A Lady Standing at a Virginal, 1670 - by Johannes Vermeer

The richly dressed lady playing a virginal stands in a prosperous Dutch home with paintings on the wall, a marble-tiled floor, and a skirting of locally produced Delft blue and white tiles. The two paintings on the wall behind her cannot be identified with certainty. The small landscape on the left and the painting decorating the lid of the virginal resemble works by Vermeer's Delft colleague Pieter Groenewegen.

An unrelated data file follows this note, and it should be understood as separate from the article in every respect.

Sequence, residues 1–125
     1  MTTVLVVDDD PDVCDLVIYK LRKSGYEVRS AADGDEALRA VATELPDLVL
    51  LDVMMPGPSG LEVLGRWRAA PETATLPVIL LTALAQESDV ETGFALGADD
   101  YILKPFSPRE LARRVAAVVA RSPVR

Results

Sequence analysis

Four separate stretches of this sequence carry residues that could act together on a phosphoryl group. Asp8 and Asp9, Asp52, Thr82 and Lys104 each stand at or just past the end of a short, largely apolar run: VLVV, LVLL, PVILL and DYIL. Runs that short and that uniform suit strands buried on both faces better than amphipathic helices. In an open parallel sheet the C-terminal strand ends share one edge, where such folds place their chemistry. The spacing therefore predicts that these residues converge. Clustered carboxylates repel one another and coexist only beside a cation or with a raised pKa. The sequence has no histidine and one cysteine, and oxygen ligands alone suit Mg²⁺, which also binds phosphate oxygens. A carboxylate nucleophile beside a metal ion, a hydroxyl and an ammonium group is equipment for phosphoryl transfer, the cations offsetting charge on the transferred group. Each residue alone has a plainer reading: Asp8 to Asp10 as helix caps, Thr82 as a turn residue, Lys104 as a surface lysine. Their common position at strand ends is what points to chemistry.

A Lady Standing at the Virginals and A Lady Seated at the Virginals hang together today at the National Gallery, London. Historical accident has brought them together, but similarities of scale, subject matter, and technique suggest that Vermeer may have conceived them as a pair. They are, however, an unusual pair, and it is not at all certain that they belong together. Most pendants, if they do not portray husband and wife, reflect contrasting or complementary themes, but in these works the attitudes of the two women are so similar that clear differences in meaning are not evident.